We also added the ability to view new citations from your projects or the book or article where you created them.

Notes (0)
Bookmarks (0)

You have no saved items from this book

Project items include:
  • Saved book/article
  • Highlights
  • Quotes/citations
  • Notes
  • Bookmarks
Notes
Cite this page

Cited page

Style
Citations are available only to our active members.
Sign up now to cite pages or passages in MLA, APA and Chicago citation styles.

(Einhorn, 1992, p. 25)

(Einhorn 25)

1

1. Lois J. Einhorn, Abraham Lincoln, the Orator: Penetrating the Lincoln Legend (Westport, CT: Greenwood Press, 1992), 25, http://www.questia.com/read/27419298.

Cited page

Bookmark this page
Nevada: A Guide to the Silver State
Table of contents

Table of contents

  • Title Page iii
  • Preface v
  • Contents vii
  • Maps xiii
  • General Information xv
  • Part I - Nevada's Background 1
  • The Silver State 3
  • Natural Setting 6
  • Plant and Animal Life *
  • First Nevadans 22
  • Wilderness to Modern State *
  • Mining and Mining Jargon 55
  • Ranching and Stock Growing *
  • Stock Jargon 75
  • Press, Church, and School 79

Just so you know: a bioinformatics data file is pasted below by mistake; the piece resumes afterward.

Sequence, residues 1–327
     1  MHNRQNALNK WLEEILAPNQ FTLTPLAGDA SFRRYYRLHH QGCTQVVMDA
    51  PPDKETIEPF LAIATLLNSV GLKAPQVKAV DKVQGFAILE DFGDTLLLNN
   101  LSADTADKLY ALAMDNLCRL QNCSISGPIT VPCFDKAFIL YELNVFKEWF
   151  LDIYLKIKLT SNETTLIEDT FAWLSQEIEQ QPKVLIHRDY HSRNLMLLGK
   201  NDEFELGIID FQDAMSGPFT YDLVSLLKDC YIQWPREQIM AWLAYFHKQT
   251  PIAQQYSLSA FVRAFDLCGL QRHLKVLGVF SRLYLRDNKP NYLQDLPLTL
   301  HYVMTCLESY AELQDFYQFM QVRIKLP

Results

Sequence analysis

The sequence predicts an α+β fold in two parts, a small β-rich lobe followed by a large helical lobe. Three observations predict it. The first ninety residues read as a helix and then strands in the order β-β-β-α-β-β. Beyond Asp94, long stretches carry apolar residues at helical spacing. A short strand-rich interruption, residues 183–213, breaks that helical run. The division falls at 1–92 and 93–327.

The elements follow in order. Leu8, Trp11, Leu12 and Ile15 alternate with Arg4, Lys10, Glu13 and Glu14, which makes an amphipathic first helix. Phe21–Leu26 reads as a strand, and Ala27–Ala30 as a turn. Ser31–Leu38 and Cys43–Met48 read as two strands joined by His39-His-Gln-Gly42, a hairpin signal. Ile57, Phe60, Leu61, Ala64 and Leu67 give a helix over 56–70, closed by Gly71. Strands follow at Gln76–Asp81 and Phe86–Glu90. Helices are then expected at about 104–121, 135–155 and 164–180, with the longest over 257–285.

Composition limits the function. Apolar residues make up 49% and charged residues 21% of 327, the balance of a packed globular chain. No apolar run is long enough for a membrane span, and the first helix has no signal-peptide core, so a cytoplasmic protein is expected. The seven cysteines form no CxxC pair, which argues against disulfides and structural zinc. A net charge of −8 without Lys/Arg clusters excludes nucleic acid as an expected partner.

• The Arts *
  • Sports and Recreation 107
  • Part II - Touring the State *
  • Part III - Appendices 287
  • Chronology 289
  • Supplementary Reading List of Nevada Books 297
  • Index Principal Reference First 305
Settings

Settings

Typeface
Text size Smaller Larger Reset View mode
Search within

Search within this book

Look up

Look up a word

  • Dictionary
  • Thesaurus
Please submit a word or phrase above.
Print this page

Print this page

Why can't I print more than one page at a time?

Full screen
/ 315

matching results for page

Cited passage

Style
Citations are available only to our active members.
Sign up now to cite pages or passages in MLA, APA and Chicago citation styles.

"Portraying himself as an honest, ordinary person helped Lincoln identify with his audiences." (Einhorn, 1992, p. 25).

"Portraying himself as an honest, ordinary person helped Lincoln identify with his audiences." (Einhorn 25)

"Portraying himself as an honest, ordinary person helped Lincoln identify with his audiences."1

1. Lois J. Einhorn, Abraham Lincoln, the Orator: Penetrating the Lincoln Legend (Westport, CT: Greenwood Press, 1992), 25, http://www.questia.com/read/27419298.

Cited passage

Welcome to the new Questia Reader

The Questia Reader has been updated to provide you with an even better online reading experience.  It is now 100% Responsive, which means you can read our books and articles on any sized device you wish.  All of your favorite tools like notes, highlights, and citations are still here, but the way you select text has been updated to be easier to use, especially on touchscreen devices.  Here's how:

1. Click or tap the first word you want to select.
2. Click or tap the last word you want to select.

OK, got it!

Thanks for trying Questia!

Please continue trying out our research tools, but please note, full functionality is available only to our active members.

Your work will be lost once you leave this Web page.

For full access in an ad-free environment, sign up now for a FREE, 1-day trial.

Already a member? Log in now.